ISO 8601 Date Formatting

The information presented here is a quick reference adapted from Wikipedia’s ISO 8601 article to describe the formats used in this site.

Dates and Times

Dates are presented in YYYY-MM-DD format.

Times are presented in 24-hour hh:mm format. The specification includes a leading T character, but it is omitted here. The specification also permits the omission of minutes if a time occurs at the “top of the hour,” but doing so can lead to confusion; so minutes are included with all formatted times.

When combined, the date and time elements are separated by a space to improve readability, i.e., YYYY-MM-DD hh:mm, rather than the specified T character.


Times are typically represented in local time, which for this site is Central Time (UTC-06:00, or UTC-05:00 during Daylight Savings Time).

However, if specific time zone information is important for some reason, then times will likely include the offset suffix, e.g., -06:00, or be given in UTC with a Z suffix.

For example, 2023-03-05 12:00 can be considered equivalent to 2023-03-05 12:00-06:00 and 2023-03-05 18:00Z.

The use of a - character for this information necessitates a seemingly odd format for encoding intervals.


Weekdays are not mentioned in the official ISO 8601 specification outside of using a “week-numbering year,” but if they are included as part of the content in this site, they will be either:

  1. mentioned before the date, e.g., Sunday, 2023-03-05 12:00; or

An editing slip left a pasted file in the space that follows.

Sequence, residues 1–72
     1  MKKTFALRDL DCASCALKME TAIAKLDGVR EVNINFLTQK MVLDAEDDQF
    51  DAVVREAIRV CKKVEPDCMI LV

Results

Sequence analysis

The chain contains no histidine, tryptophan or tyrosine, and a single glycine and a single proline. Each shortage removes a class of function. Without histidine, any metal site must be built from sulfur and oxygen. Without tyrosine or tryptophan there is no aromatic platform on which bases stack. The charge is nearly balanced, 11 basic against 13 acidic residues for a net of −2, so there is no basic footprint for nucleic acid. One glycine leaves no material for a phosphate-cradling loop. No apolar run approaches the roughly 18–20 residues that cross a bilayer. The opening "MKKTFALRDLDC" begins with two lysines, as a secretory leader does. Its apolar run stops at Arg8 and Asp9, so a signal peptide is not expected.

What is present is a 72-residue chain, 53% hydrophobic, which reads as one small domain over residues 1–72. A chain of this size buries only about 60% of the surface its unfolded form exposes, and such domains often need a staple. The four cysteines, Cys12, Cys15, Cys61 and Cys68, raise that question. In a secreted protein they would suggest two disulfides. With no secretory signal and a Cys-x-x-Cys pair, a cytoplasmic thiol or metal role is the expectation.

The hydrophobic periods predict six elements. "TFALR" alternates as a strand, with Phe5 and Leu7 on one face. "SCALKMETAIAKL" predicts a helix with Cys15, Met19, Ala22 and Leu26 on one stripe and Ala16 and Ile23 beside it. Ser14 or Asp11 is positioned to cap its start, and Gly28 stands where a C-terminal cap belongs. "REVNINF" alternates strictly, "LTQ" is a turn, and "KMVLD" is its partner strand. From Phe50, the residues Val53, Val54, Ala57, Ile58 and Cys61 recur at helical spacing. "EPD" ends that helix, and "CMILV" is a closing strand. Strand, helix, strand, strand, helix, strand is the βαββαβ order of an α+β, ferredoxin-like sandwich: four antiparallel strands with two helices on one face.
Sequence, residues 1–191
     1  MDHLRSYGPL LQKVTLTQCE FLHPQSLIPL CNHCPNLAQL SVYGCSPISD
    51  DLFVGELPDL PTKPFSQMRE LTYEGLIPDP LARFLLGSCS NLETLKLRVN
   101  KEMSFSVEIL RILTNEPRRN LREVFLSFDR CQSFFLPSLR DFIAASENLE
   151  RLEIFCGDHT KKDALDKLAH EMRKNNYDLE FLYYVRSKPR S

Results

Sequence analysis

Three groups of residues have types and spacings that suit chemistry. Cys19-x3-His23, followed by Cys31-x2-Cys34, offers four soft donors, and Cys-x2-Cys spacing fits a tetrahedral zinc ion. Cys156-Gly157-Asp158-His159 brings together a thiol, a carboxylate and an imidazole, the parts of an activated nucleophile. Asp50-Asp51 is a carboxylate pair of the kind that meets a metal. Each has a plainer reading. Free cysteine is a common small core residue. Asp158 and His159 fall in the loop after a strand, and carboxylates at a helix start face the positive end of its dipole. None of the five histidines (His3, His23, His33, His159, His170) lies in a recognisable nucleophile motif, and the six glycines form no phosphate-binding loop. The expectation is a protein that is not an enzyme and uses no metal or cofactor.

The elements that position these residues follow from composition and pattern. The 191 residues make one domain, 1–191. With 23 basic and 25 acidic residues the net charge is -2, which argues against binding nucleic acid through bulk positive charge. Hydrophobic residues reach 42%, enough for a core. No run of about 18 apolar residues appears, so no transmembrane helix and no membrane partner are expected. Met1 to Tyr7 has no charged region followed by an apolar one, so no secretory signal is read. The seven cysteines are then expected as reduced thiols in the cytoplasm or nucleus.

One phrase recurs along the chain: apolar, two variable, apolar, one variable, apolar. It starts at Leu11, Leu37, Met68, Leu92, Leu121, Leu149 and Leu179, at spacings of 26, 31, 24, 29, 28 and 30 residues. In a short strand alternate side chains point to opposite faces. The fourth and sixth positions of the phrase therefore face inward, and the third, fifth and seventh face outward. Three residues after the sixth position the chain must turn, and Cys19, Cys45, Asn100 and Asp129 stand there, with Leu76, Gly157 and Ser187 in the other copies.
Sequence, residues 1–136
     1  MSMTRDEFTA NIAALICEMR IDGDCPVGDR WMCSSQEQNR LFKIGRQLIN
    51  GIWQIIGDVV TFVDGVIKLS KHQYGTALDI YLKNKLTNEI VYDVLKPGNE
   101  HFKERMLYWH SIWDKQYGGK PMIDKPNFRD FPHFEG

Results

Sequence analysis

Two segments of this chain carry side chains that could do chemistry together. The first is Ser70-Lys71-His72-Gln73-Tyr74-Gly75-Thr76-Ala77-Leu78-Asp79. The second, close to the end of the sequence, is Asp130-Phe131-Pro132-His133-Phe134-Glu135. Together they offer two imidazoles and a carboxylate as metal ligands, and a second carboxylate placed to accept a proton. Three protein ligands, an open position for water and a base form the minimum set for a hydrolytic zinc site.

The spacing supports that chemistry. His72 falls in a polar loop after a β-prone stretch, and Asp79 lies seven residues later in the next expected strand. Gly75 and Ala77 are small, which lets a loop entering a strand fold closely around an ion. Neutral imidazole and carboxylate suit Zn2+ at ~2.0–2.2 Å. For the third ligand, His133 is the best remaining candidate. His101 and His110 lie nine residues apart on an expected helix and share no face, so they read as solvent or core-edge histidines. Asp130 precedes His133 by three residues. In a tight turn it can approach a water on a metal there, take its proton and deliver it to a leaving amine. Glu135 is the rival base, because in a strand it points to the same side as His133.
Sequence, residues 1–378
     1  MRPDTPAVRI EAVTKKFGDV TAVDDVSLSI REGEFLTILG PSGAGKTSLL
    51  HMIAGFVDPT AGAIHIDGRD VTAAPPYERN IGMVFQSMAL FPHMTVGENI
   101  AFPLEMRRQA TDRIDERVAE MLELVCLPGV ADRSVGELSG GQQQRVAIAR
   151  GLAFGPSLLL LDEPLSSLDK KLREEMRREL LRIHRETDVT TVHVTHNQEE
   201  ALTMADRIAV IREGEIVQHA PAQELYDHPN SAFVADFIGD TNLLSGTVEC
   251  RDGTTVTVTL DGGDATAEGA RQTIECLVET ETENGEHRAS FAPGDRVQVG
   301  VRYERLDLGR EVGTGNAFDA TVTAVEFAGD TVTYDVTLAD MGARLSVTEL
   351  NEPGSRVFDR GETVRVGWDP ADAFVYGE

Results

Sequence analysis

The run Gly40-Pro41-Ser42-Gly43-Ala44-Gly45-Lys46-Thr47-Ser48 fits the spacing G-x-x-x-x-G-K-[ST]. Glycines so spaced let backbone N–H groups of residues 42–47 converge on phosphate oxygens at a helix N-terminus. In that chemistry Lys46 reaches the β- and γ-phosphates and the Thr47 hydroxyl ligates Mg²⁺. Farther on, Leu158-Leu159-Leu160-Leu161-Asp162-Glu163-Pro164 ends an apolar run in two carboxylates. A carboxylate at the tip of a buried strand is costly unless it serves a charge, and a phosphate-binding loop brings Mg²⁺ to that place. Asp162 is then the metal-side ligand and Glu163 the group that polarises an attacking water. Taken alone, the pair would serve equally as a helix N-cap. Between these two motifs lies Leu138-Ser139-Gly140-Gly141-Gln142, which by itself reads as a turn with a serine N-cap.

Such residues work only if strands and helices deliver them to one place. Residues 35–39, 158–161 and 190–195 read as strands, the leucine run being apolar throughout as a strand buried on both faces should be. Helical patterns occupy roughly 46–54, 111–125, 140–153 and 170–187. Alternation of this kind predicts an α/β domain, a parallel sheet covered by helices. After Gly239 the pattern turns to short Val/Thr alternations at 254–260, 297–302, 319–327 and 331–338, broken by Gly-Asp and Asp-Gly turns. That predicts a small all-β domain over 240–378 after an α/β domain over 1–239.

2. abbreviated after the date, e.g., 2023-03-05 (U) 12:00.

The abbreviations that might be used:

Weekday 1-letter 2-letter 3-letter
Sunday U Su Sun
Monday M Mo Mon
Tuesday T Tu Tue
Wednesday W We Wed
Thursday R Th Thu
Friday F Fr Fri
Saturday S Sa Sat


Durations are not commonly used in the content of this site, but they are included here for completeness.

This is probably best explained and understood using several examples:

In general, P<date>T<time>, where <date> and <time> contain “atoms” according to the specified time unit with a preceding count. Atoms are ordered with the largest unit first, and atoms without any value are omitted.


Intervals represent ranges of that are anchored to a specific date and/or time (either at the start, at the end, or both). If either the start or the end is not a date/time, then a duration is used instead.

The specification defines intervals using the following format options:

  1. <start>/<end> - anchored with date/time on both sides,
  2. <start>/<duration> - anchored with a start date/time and duration following, or
  3. <duration>/<end> - anchored with an end date/time and duration preceding.

The first format is almost exclusively used in the content on this site. This format permits the omission of higher-ordered elements (i.e., those with larger units) that are identical between the start and end. For example: